Figure 8 represents the Spatial distribution maps of trends in maximum one-day precipitation (RX1day, Figure 8(a)) and maximum 5-day precipitation (RX5day Figure 8(b)). RX1day trends in increasing except in Puttalum, although relatively few of them are statistically significant. The RX1day showed only positive trends (10% of stations) with statistical significance, but positive trends were predominant (80% of stations). The RX5day showed also positive trends (85% of stations) with 35% of statically significance. Comparing with decadal changes , it is found that significant increase in maximal one-day precipitation and maximal five-day precipitation during the period from 2010 to 2015 (Table 4) in station located in all 3 climatic zones. It is evident that 60% and 50% increase in maximal one-day and 5 day precipitation amount respectively at Anuradhapura during the from 2010 to 2015. Similarly 110% and 60% increase in maximal one-day and 5 day precipitation amount can be seen in Batticoloa for same period compare to 30 year average (Table 4).
90% stations show non-significant increasing trend in total precipitation on extreme rainfall days (R95p and R99p) but only 20% - 25% of the station trends
Figure 8. Spatial distribution maps of trends for maximum one-day precipitation (RX1day) (a) and maximum 5-day precipitation (RX5day) (b). The upward-pointing red triangles show increasing trends, while the downward-pointing blue triangles indicate decreasing trends. Significant changes at the 5% level are indicated by large triangles and 10% level are indicated by small triangles.
Table 4. Decadal changes in Extreme Rainfall events defines as Maximum 5 day rainfall amount (mm) and Maximum 1 day rainfall amount (mm).
are significant at the 5% - 10% level (Figure 9). Anururadhapura, Katugastota, Batticoloa and Pottuwil stations show significant increasing trend in very wet days and extreme rainfall days (R95p and R99p) (Figure 9) evidencing the increase of precipitation in extreme events at these locations.
Figure 10 represents map of the trends for number of days with precipitation equal to or greater than 10 mm (a), 20 mm (b) and 30 mm (c) rainfall in Sri Lanka. It is shown that 75% of stations show a significantly increasing trend in number of days with precipitation equal to or greater than 10 mm and nearly 50% of stations shows a significantly increasing trend in number of days with precipitation equal to or greater than 20 mm and 30 mm rainfall.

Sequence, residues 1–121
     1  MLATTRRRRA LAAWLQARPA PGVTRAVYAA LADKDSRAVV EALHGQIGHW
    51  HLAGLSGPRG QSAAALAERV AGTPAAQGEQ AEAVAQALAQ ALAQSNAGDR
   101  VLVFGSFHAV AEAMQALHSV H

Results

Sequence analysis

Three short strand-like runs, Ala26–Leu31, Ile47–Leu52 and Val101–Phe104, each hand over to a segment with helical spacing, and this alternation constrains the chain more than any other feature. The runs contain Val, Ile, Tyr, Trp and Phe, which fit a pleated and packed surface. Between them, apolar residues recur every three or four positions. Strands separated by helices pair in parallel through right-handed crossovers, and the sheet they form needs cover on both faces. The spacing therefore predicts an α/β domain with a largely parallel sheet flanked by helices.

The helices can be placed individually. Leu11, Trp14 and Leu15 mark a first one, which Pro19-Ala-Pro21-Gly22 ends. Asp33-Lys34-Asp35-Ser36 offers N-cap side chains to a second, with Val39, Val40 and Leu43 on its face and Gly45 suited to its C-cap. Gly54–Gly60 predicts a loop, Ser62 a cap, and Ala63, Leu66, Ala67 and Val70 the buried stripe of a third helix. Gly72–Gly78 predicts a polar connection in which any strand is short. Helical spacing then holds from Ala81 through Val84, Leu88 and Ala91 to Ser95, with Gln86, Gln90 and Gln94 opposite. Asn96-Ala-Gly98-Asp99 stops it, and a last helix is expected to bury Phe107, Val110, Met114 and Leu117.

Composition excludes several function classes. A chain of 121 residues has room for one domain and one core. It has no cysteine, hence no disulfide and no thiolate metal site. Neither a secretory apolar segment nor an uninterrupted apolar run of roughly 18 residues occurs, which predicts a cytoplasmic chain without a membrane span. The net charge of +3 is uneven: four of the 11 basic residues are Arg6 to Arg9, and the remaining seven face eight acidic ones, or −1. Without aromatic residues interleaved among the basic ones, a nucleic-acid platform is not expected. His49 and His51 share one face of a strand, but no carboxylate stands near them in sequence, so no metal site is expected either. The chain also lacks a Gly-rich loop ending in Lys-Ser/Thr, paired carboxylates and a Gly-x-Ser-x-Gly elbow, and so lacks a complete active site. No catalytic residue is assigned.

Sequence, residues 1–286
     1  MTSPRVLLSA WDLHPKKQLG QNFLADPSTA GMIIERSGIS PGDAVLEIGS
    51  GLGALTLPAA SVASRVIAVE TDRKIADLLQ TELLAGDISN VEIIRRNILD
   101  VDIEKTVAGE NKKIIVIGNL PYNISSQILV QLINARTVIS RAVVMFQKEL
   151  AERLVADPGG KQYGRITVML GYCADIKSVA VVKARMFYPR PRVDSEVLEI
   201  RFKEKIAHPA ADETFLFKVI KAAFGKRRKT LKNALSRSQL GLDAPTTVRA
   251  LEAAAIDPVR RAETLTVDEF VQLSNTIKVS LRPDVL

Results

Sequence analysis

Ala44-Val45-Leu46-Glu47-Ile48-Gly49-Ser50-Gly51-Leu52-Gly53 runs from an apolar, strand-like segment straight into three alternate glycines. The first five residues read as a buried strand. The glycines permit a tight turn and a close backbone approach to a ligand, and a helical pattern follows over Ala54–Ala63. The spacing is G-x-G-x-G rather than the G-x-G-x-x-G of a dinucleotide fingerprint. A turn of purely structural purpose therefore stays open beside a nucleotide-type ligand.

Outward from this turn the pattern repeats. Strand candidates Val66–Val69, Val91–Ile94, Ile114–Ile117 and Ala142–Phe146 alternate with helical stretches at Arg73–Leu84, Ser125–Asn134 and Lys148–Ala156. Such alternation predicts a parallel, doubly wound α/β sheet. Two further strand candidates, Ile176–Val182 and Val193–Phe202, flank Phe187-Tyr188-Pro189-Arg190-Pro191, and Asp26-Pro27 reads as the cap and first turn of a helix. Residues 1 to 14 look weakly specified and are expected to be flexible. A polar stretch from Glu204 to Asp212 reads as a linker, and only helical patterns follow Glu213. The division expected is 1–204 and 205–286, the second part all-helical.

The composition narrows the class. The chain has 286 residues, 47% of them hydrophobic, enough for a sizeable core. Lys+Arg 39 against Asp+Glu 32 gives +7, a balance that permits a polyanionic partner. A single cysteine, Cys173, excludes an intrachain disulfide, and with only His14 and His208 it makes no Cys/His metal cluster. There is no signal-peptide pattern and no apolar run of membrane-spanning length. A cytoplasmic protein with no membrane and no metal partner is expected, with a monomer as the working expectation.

Consecutive Wet Days (CWD) and Consecutive Dry Days (CDD) show mixed trends. There is increasing trend in CWD in Katugastota, and decreasing trend in CWD in Nuwaraeliya and Ratnapura. Less consecutive dry days (CDD) is observed in stations located in western coastal areas such as Colombo, Katunayake, Ratmalana and Puttalum.
This study presents analyses of the trends in 20 annual extreme indices of temperature and precipitation for Sri Lanka. The analyses were conducted using long term and high-quality datasets for 19 meteorological stations, for a period between 1980 and 2015. The difference between maximum and minimum temperatures is decreasing, indicating that the minimum temperature is increasing
Figure 9. Spatial distribution maps of trends for very wet days (a) and Extremely wet days (b), The upward-pointing red triangles show increasing trends, while the downward-pointing blue triangles indicate decreasing trends. Significant changes at the 5% level are indicated by large triangles and 10% level are indicated by small triangles.
Figure 10. Spatial distribution maps of trends for number of days, above 10 mm rainfall (a), above 20 mm rainfall (b) and above 30 mm rainfall (c). The upward pointing red triangles show increasing trends, while the downward-pointing blue triangles indicate decreasing trends. Significant changes at the 5% level are indicated by large triangles and 10% level are indicated by small triangles.
faster than the maximum temperature. It is evident that annually averaged mean minimum temperatures are increasing across most of Sri Lanka. Significant decrease in the annual occurrence of cold nights and increase in the annual occurrence of warm nights are also obvious.
When compared with temperature changes, less spatially coherent pattern of change and a lower level of statistical significance were observed in precipitation indices. Some of the indices in this study can be good indicators for climate extremes in Sri Lanka. The annual total precipitation (PRCPTOT) has indicated a significant increasing over 1980-2015. More than 80% of stations showed an increasing trend in precipitation indices. Nearly 75% and 65% of the station showed significant increasing trend in annual total precipitation and number of days above 10 mm rainfall at the 5% - 10% level. The trends in extreme precipitation events such as maximal one-day precipitation, maximal five-day precipitation, and total precipitation on extreme rainfall days (R95p and R99p) are increasing at most locations, indicating that the intensity of the rainfall is increasing. Increase of precipitation extreme trends indicate that occurrence of extreme rainfall events notably influence total annual precipitation in Sri Lanka. Therefore, the observed increases in total rainfall observed in many locations may be due in part to an increase in of extreme rainfall events. Patterns of change in precipitation extremes are more heavily influencing the climate variability by aggravating the variability, significantly influencing climate sensitive sectors such as agriculture and water resource management.